Since the onset of the pandemic, it’s been challenging for many Canadians to get the health care they need, when they need it. Whether COVID-related or otherwise, my pharmacy colleagues and I have heard from countless patients from coast to coast about delayed – and even skipped – medical checkups over the past two years, which puts their health at risk.
While many of us are thankfully getting back to our doctor’s offices, the reality is that millions of Canadians are still having challenges accessing healthcare.
Canadians’ access to healthcare remains a critical issue we cannot ignore.
Millions of Canadians have challenges accessing care
In 2019, millions of Canadians reported they did not have a regular healthcare provider.[i] Even for those with a regular provider, it can be overwhelming and challenging to get timely care when a health issue or illness arises.
Whether seeking care for a common ailment like conjunctivitis (pink eye), a urinary tract infection or something more serious like an injury, not knowing where to go – or waiting at an urgent care clinic or hospital emergency department – can make an already stressful situation feel even worse.
Pharmacists are part of the solution
Pharmacists have long been an accessible resource Canadians turn to for their health and wellbeing, but they have also been underutilized as Canadians’ frontline community healthcare professionals. Pharmacists can support Canadians with significantly more than filling prescriptions and can help support Canadians in need of timely, convenient and accessible care.
While pharmacists’ scope of practice differs in every province, they can help Canadians with so much more, including ongoing management of chronic conditions like diabetes, medication reviews, and wellness services that help manage heart health. Pharmacists are highly accessible in our communities and can play a key role in delivering the care Canadians need quickly and conveniently in partnership with other healthcare professionals.
Helping Lethbridge residents
Like those in many communities across the country, Lethbridge residents have faced challenges getting the care they need when they need it. That’s why we have partnered with the University of Alberta to launch a pharmacist-led primary healthcare clinic, opening at the Real Canadian Superstore in Lethbridge, to make healthcare more accessible.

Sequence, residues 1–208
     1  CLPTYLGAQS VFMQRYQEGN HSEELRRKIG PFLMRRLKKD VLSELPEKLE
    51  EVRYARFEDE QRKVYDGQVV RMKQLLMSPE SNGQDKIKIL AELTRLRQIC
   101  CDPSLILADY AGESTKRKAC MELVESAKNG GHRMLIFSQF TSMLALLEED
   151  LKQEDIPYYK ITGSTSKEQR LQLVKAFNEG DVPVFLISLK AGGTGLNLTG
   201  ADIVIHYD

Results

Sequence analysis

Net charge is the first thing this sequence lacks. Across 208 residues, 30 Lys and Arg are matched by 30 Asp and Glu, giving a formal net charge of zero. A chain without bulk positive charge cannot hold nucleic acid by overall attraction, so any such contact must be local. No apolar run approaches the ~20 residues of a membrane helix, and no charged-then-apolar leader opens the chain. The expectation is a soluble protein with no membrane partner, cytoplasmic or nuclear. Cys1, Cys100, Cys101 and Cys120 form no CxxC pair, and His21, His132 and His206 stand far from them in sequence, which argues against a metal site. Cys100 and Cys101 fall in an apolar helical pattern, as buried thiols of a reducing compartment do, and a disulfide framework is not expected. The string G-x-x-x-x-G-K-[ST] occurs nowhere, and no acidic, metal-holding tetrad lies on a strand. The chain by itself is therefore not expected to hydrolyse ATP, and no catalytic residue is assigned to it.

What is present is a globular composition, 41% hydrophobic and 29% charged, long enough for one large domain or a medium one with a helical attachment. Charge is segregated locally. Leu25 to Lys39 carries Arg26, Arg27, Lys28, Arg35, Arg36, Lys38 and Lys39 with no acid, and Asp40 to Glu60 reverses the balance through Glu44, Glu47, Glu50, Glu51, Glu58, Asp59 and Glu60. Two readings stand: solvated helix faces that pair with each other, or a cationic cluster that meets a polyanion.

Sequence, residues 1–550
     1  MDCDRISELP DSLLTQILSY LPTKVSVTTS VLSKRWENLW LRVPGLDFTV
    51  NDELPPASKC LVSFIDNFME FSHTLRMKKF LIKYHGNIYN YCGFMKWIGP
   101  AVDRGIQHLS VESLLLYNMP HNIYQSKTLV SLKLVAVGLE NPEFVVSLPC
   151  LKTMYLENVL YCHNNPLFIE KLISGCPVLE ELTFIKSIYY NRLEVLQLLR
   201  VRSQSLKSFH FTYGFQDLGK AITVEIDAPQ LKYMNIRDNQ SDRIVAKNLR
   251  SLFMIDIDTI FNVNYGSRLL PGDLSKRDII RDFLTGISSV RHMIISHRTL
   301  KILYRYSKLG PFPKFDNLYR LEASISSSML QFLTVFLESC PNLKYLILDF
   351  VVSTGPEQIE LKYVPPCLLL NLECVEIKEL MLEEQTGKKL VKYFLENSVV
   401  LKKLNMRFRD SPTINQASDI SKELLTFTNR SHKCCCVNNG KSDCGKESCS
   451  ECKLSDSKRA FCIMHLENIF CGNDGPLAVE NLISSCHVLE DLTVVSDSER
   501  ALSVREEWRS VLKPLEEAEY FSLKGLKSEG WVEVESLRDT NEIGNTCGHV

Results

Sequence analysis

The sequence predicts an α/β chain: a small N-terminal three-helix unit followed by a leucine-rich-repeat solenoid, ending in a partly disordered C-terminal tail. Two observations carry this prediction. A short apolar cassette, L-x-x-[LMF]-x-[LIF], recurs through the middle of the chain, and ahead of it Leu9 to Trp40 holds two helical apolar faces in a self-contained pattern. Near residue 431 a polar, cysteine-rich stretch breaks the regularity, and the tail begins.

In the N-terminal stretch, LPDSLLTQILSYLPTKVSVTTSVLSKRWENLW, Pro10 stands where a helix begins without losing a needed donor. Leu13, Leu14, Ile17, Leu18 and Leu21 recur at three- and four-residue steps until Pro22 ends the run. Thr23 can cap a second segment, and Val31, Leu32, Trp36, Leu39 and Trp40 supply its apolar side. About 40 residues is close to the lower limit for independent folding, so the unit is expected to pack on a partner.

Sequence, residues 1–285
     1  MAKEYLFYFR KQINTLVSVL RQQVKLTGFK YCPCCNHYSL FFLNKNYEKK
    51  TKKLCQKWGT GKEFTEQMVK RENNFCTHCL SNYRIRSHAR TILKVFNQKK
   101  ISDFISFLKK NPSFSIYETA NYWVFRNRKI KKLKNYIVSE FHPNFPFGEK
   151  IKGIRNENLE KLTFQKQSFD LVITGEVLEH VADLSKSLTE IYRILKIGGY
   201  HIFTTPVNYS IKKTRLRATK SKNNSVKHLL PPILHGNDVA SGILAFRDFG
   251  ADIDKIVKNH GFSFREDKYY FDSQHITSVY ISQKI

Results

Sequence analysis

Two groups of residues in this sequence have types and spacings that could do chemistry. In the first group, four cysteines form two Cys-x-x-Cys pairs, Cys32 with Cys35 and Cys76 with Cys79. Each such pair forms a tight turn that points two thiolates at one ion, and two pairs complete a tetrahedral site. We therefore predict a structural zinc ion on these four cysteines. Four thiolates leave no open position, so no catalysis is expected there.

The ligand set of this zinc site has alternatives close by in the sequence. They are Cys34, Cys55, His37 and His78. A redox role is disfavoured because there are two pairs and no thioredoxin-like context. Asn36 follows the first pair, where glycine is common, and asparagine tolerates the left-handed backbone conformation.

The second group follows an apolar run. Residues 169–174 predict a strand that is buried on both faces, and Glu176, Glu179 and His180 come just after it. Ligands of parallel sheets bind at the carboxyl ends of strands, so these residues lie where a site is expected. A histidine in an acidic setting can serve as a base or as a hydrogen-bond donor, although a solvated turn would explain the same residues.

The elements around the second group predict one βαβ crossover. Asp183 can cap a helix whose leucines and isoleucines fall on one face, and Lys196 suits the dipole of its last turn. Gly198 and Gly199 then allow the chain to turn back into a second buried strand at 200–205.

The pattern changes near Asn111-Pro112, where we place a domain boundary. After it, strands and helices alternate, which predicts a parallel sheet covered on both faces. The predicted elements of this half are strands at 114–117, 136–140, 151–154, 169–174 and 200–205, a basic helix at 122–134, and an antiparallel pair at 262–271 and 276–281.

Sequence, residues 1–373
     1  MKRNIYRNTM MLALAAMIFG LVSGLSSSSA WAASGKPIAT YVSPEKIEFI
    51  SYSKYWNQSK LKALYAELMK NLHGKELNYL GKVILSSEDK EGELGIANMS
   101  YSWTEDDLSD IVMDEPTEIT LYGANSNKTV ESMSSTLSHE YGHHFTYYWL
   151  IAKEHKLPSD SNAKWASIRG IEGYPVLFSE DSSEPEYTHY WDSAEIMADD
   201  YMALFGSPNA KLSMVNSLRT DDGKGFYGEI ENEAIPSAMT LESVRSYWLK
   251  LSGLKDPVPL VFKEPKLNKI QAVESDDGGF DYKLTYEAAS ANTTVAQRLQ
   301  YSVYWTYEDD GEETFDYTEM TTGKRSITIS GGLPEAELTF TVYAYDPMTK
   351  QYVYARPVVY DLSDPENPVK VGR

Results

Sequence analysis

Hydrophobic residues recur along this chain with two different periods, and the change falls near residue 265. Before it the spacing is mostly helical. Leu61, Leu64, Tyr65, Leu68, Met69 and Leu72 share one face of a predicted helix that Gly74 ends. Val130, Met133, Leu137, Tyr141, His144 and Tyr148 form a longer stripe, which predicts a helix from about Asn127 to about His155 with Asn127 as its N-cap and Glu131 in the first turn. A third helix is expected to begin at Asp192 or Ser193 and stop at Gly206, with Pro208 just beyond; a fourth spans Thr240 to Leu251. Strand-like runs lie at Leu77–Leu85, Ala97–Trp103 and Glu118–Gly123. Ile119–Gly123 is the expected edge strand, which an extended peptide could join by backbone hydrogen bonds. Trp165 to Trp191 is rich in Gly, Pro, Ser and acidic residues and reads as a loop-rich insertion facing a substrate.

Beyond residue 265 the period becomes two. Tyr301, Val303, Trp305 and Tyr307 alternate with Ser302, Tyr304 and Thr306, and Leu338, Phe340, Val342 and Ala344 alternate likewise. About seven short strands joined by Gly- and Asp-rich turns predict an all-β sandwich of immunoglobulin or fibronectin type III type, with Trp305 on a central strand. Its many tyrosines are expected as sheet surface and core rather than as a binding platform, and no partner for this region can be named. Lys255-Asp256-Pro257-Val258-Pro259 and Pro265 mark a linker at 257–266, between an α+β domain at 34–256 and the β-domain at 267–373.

With their broad scope of practice, Alberta pharmacists who have advanced prescribing authority (or APA) can provide essential primary care services to Albertans. Specifically, they have the ability assess patients and prescribe medications for minor illnesses and injuries, administer vaccines and other medications by injection, support chronic disease management and order and receive lab results.
The opening of the Pharmacist Walk in Clinic means patients will have access to services from a dedicated team of pharmacists in a familiar clinic setting. Making these services available will support primary care providers in the community and alleviate hospital and emergency room visits – ultimately leading to better health outcomes for patients. The clinic will open as of Monday, June 27, via appointment or walk-in, and I am looking forward to hearing from pharmacists and patients alike about the impact it has in Lethbridge.
Expanding access to pharmacist-led primary care
It is my hope is that the Lethbridge clinic opening is just the beginning of pharmacist-led primary care that can support Canadians in getting the care they need quickly and conveniently.
When we work together, we can alleviate the strain on our health system and help Canadians stay healthy. Alongside our partners, we’re ready to make this a reality in more communities.
Jeff Leger is the president of Shoppers Drug Mart.